The Government today gave the go-ahead for a new gas installation at Tirley in Gloucestershire, which will help boost UK energy security by allowing for more gas imports.
Energy Minister Charles Hendry said:
“This Government is committed to ensuring we maintain secure energy supplies. A vital part of this is having a diverse energy mix: renewables, nuclear, coal with Carbon Capture and Storage and gas all have an important part to play.
National Grid’s new Gas Pressure Reduction Installation will be a vital part of a 316 kilometre pipeline transporting gas from the Milford Haven liquefied natural gas terminals into the National Gas Transmission network at Tirley.”
As the UK’s indigenous oil and gas reserves decline, the country will become increasingly dependent on imports. Two terminals to import liquefied natural gas have been developed at Milford Haven by South Hook LNG and Dragon LNG - which allow for gas imports from as far afield as Qatar, Algeria, Trinidad and even Australia.
Pressure reduction installations help to control and regulate the flows of gas, and need to be located at strategic points to ensure the country’s gas pipeline network operates efficiently and economically.
Construction of the new PRI will take approximately 18 months.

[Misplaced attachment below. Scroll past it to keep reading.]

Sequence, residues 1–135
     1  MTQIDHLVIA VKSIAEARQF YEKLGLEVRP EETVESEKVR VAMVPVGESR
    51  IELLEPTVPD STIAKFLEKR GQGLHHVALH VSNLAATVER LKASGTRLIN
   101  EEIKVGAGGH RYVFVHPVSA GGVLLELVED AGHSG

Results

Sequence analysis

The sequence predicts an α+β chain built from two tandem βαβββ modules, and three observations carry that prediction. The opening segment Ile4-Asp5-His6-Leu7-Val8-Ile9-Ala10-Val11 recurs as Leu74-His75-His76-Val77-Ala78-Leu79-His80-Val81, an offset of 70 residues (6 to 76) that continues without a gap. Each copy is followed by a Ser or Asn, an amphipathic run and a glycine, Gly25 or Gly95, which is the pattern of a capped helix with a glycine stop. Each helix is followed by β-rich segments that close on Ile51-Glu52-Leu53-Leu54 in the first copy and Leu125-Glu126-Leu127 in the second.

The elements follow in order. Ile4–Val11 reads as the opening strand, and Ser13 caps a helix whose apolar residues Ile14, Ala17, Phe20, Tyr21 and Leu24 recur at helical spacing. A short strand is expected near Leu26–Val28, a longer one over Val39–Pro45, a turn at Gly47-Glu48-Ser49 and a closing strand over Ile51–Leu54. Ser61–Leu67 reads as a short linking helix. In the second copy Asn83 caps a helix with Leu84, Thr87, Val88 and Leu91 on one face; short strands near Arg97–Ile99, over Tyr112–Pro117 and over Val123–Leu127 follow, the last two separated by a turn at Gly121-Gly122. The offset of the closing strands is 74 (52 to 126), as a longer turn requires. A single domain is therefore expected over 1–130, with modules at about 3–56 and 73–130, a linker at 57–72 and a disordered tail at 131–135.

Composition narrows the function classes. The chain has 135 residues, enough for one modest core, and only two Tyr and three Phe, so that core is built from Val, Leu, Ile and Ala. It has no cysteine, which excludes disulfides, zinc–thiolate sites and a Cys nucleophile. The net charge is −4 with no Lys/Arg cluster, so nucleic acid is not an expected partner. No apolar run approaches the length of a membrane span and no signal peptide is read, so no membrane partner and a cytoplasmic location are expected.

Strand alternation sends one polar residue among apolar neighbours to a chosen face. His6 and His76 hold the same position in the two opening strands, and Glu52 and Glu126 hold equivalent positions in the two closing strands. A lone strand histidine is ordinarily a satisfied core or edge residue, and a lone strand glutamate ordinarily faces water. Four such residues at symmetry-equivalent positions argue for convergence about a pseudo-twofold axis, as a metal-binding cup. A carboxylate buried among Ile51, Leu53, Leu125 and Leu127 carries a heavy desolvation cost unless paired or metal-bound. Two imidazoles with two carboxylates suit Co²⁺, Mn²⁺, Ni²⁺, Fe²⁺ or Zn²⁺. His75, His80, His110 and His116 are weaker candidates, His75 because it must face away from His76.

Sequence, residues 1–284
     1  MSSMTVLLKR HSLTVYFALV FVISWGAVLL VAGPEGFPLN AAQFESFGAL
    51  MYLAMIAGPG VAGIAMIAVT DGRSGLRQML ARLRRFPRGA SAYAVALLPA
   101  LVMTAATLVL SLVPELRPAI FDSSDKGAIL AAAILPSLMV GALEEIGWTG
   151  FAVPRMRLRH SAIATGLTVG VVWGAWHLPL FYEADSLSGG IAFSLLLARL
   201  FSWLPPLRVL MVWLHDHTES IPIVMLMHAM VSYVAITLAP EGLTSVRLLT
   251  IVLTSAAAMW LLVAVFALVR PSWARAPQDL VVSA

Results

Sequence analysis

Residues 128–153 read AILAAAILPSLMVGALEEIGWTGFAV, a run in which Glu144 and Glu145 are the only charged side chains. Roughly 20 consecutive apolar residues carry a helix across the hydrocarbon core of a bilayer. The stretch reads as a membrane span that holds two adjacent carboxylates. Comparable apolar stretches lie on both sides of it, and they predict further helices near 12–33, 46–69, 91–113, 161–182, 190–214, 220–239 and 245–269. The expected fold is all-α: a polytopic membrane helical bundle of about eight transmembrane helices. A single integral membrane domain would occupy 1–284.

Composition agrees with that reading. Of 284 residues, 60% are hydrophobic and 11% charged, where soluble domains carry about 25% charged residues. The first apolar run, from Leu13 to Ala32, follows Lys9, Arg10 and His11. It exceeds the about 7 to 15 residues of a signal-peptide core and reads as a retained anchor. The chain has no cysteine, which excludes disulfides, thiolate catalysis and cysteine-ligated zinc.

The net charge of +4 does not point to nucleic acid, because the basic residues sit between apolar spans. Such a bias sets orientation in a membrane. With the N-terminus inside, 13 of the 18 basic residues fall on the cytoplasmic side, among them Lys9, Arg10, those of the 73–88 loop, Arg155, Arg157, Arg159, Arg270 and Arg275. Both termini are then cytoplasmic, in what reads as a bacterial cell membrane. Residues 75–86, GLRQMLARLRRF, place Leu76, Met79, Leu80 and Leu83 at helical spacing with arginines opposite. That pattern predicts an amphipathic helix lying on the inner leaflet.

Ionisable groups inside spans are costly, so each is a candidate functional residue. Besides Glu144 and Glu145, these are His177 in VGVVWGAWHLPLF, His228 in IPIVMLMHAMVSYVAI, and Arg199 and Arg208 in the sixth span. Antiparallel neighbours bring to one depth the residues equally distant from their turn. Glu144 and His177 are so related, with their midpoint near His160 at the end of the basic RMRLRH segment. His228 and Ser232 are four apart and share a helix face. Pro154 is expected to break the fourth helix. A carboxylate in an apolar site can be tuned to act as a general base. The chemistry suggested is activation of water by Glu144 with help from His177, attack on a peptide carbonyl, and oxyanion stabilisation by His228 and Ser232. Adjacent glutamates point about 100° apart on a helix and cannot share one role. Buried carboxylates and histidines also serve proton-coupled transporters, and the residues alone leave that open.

Notes to editors
The decision followed an appeal by National Grid against the decision by Tewkesbury Borough Council’s decision to refuse planning permission. A public local inquiry was conducted by David Tester CChem MRSC C.WEM FCIWEM, which opened on 13 July 2010 and sat for 8 days. The Inspector submitted his report on 18 October 2010 and recommended that the appeal be allowed and planning permission granted.
The Secretaries of State agree with the Inspector’s recommendation. The reasons for this decision are set out in their Decision Letter with detailed background in the Inspector’s report, available on the DCLG website at:
In essence, it was concluded that the factors weighing in favour of the proposal in terms of securing and maintaining diversified and competitive gas supplies outweigh its short term shortcomings in terms of harm to the character and appearance of the countryside, and that there are no material considerations of sufficient weight which would justify refusing planning permission.]
The Secretary of State for Communities and Local Government and the Secretary of State for Energy and Climate Change directed, under section 266(1A) of the Town and Country Planning Act 1990, that section 266(1) should have effect in relation to this appeal by a statutory undertaker to develop either operational land, or land which would become operational land as defined in the Act if planning permission were to be granted; and that it was therefore to be determined jointly by them.